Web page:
An exploratory study was conducted in May through June 2015, where residents from eight rural Missouri towns were interviewed by telephone. A survey research firm (Survey Research Laboratory, Mississippi State University) was contracted to conduct the telephone survey. A list of random phone numbers was matched to target the specific geographic areas of interest. A dual-frame (cellphone and landline) sampling design was used to maximize coverage of eligible respondents. To ensure a reproducible and representative sample, probability-based sampling via random digit dial (RDD) was utilized within each of the two frames.
The survey consisted of several sections. In section A, respondents were asked about their age and location. In section B, respondents rated interests (e.g., volunteering) and values (e.g., personal health) on a scale from 1 (not at all enjoyable) to 5 (very enjoyable) for interests and from 1 (not very important) to 4 (very important) or 1 (strongly disagree) to 5 (strongly agree) for values. In section C, respondents were asked about their local walking trail awareness, access, and use. This section also included a qualitative portion where respondents could describe what activity or events would encourage visiting the trails. In section D, respondents were asked about their activity level. This section was used to determine if participants walked and met PA recommendations for aerobic activity (walks and does 150 minutes of PA per week), walked but did not meet PA recommendations for aerobic activity (walks but does not meet 150 minutes of PA per week), or did not walk. In section E, respondents were asked about cellphone use. In section F, respondents were asked about their demographics. The data were analyzed with SPSS, first with descriptive statistics and next with odds ratios using multinomial logistic regressions and 95% confidence intervals (unadjusted).
Among eligible respondents, the response rate was 35%. Of the total completed surveys (524 out of 571, cooperation rate of 91.8%), 196 (37%) respondents were surveyed over cellphone and 328 (63%) were surveyed over landline. The majority of respondents were above 50, female, high school educated, and Caucasian. Most of the participants (63%) were either overweight or obese. Of the participants, 40% reported walking and also meeting PA recommendations, 29% reported walking and not meeting PA recommendations, and the remainder either did not walk (23%) or did not respond to the question (9%). Of those surveyed, 65% were aware of the trail, and 34% have used the trails at some point, and 14% have used the trail often/very often.
The participants who often/very often used the trails were above 55, female, and Caucasian, similar to the baseline characteristics of those surveyed (Table 1). However, there were a disproportionate number of people who had normal BMI and used the trails often/very often. Of those who were aware of the trails, 42% used them very often/often. Individuals who used the trails were significantly more likely to meet PA recommendations (odds ratio = 2.7; 95% confidence interval = 1.7, 4.5).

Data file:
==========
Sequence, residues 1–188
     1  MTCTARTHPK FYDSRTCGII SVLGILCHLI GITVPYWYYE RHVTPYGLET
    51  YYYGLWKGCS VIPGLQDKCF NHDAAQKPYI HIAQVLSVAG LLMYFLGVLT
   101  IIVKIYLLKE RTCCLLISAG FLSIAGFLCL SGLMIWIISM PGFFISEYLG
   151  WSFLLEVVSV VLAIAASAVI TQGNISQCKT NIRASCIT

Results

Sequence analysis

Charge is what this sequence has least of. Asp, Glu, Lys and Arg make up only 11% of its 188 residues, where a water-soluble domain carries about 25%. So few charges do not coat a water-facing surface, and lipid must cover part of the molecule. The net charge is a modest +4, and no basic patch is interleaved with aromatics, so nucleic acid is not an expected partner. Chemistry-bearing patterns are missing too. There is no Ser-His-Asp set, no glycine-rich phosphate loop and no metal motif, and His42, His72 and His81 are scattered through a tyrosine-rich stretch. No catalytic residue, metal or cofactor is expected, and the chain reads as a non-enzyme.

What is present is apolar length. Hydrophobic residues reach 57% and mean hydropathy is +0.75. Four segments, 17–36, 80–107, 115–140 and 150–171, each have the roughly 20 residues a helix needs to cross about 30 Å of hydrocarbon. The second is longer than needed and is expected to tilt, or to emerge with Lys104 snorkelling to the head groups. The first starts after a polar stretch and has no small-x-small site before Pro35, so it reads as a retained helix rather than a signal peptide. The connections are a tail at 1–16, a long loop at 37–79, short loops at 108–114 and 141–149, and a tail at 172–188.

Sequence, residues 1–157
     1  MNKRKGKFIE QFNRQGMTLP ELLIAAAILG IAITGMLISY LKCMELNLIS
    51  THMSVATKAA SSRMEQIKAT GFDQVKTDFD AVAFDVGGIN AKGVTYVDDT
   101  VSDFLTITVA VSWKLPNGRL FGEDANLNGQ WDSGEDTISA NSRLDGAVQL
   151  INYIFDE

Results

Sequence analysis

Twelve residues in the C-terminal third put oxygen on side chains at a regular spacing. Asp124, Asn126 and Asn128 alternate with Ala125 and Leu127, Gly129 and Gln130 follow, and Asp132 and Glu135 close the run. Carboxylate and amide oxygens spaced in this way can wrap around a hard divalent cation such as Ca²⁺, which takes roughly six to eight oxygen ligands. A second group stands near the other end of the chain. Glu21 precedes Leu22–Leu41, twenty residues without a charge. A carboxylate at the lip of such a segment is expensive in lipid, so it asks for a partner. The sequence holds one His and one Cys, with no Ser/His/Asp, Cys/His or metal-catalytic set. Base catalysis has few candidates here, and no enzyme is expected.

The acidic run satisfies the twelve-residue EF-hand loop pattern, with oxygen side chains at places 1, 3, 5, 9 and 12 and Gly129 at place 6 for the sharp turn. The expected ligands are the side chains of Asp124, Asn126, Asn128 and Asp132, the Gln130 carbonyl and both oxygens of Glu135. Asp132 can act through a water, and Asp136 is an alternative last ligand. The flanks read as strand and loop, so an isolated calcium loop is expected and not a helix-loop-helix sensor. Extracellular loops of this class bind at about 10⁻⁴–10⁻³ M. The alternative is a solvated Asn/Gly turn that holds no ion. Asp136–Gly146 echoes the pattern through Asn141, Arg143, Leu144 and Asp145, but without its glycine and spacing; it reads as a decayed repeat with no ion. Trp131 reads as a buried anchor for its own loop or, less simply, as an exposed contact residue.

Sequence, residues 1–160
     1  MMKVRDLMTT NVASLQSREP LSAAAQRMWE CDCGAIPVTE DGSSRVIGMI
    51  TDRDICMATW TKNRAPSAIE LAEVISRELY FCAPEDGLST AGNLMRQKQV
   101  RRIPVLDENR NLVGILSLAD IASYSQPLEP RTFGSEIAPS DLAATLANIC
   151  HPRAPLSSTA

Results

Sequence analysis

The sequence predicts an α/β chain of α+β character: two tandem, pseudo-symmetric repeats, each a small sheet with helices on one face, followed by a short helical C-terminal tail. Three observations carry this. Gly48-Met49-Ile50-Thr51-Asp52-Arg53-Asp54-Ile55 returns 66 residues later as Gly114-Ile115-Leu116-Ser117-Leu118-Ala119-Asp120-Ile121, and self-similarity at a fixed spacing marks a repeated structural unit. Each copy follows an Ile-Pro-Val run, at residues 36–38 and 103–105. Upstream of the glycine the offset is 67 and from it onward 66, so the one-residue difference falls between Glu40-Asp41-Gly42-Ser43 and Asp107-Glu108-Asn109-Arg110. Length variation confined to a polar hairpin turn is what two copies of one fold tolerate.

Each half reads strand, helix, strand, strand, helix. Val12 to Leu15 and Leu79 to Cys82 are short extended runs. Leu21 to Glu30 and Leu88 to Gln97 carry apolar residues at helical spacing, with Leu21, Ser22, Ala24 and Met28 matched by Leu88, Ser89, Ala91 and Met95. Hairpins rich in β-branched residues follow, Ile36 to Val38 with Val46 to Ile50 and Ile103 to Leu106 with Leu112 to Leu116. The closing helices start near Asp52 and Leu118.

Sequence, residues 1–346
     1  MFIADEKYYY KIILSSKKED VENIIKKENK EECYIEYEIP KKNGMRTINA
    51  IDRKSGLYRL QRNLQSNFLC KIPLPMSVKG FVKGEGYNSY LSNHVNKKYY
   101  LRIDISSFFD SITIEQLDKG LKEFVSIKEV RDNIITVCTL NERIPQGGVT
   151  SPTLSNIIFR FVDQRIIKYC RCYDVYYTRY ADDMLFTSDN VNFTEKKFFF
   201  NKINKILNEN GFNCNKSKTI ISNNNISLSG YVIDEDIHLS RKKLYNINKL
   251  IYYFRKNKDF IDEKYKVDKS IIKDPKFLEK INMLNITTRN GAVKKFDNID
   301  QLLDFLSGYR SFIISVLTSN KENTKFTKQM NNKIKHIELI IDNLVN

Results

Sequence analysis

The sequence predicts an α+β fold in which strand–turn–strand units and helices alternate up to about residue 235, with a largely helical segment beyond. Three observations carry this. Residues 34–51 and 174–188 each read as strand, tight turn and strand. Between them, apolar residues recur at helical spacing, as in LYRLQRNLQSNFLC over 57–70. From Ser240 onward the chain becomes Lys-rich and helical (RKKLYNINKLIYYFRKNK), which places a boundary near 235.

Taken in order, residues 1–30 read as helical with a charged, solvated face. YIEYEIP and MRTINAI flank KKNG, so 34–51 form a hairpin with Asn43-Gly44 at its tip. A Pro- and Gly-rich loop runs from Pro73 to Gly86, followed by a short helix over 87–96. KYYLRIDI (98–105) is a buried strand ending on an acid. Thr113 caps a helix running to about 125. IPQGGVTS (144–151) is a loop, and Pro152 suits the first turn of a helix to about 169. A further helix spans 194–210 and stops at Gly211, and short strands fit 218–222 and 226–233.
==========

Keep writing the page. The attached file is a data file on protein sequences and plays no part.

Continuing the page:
Those respondents who walked but did not meet PA recommendations were a particular focus for the study. Participants who walk but not enough to meet PA recommendations were also similar to the overall population that was surveyed: above 55, female, Caucasian, and overweight. Those that walked but did not meet PA recommendations reported that they place high value on relationships with family and friends, their own health, PA, and being outdoors/in nature (Table 2). They also reported enjoying listening to music, reading, watching TV/movies, cooking, and yardwork.
We also collected qualitative responses about events or activities that would encourage trail use. Community events (e.g., picnics, races or walking events, festivals, and kid-friendly activities; 17%), sporting events (5.5%), and social organizations (e.g., group walks or walking partners; 3.2%) were among suggestions. Also, 38% of respondents aware of nearby trails found out about the trail because they “happened to see it one day,” while 20% heard about it from a friend. When asked about barriers, 13% of respondents said the trail was too far away from home, while 12% said lack of interest kept them from using the trail.
Community trails are a way to provide equitable and accessible opportunities for PA in rural areas where few other opportunities exist. In our study, a significant percentage of respondents in communities with trails have never used the trails (32%). However, our results also indicate that individuals who used the trails had significantly greater odds of meeting PA recommendations (OR = 2.7). This finding is consistent with other studies [12, 15–17]. Interventions to increase the utilization of existing trails in rural communities have the potential to increase PA and positively impact population cardiovascular disease risk.